A useful binder can also be formed from a copolymer of a vinyl aromatic monomer; a second monomer selected from either conjugated diene monomers or acylate monomers such as alkyl acrylate and alkyl methacrylate.
An optional additive for the toner is a colorant. In some cases the magnetic component, if present, acts as a colorant negating the need for a separate colorant. Suitable dyes and pigments are disclosed, for example, in U.S. Reissue Pat. No. 31,072 and in U.S. Pat. Nos. 4,160,644; 4,416,965; 4,414,152; and 2,229,513, all incorporated in their entireties by reference herein. One particularly useful colorant for toners to be used in black and white electrostatographic copying machines and printers is carbon black. Colorants are generally employed in the range of from about 1 to about 30 weight percent on a total toner powder weight basis, and preferably in the range of about 2 to about 15 weight percent. The toner formulations can also contain one or more other additives of the type used in conventional toners, including magnetic pigments, colorants, leveling agents, surfactants, stabilizers, and the like.
The remaining components of toner particles as well as the hard magnetic carrier particles can be conventional ingredients. For instance, various resin materials can be optionally used as a coating on the hard magnetic carrier particles, such as fluorocarbon polymers like poly (tetrafluoro ethylene), poly(vinylidene fluoride) and poly(vinylidene fluoride-co-tetrafluoroethlyene). Examples of suitable resin materials for the carrier particles include, but are not limited to, silicone resin, fluoropolymers, polyacrylics, polymethacrylics, copolymers thereof, and mixtures thereof, other commercially available coated carriers, and the like.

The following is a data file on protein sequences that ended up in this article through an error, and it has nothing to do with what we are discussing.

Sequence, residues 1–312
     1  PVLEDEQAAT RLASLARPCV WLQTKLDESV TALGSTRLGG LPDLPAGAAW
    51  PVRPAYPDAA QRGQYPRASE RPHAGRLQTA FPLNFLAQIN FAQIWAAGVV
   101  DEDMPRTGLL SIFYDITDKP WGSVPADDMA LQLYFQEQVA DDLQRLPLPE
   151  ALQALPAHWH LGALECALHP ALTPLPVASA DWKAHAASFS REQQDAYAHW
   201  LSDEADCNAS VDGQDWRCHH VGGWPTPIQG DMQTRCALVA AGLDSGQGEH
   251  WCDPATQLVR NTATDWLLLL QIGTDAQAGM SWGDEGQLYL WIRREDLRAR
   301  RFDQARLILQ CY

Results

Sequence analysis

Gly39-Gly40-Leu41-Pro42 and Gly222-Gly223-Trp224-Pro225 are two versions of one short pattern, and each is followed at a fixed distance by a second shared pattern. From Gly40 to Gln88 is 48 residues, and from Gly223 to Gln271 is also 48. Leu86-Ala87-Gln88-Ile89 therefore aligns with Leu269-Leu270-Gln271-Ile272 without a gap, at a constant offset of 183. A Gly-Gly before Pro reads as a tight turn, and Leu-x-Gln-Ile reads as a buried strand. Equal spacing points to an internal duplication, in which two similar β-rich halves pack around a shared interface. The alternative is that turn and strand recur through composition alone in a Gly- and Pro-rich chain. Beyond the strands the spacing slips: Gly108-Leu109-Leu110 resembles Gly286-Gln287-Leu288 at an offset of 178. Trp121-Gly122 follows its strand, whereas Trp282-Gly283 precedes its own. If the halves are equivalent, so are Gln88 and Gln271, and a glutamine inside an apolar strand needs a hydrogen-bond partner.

When the toner formulation of the present invention is used in a single component toner system, the toner formulation has present charging particles as well, such as negatively charging particles. The amount of the charging particles for the single component optional system are conventional amounts. When a single component system is used, preferably the charging particles are at least one type of magnetic additive or material, such as soft iron oxide which is dispersed in the toner. Examples of useful charging particles include mixed oxides of iron, iron silicon alloys, iron aluminum, iron aluminum silicon, nickel iron molybdenum, chromium iron, iron nickel copper, iron cobalt, oxides of iron and magnetite. Other suitable magnetic materials that can be present in the toner include, but are not limited to, magnetic material containing acicular magnetites, cubical magnetites, and polyhedral magnetites. A useful soft iron oxide is TMB1120 from Magnox Inc.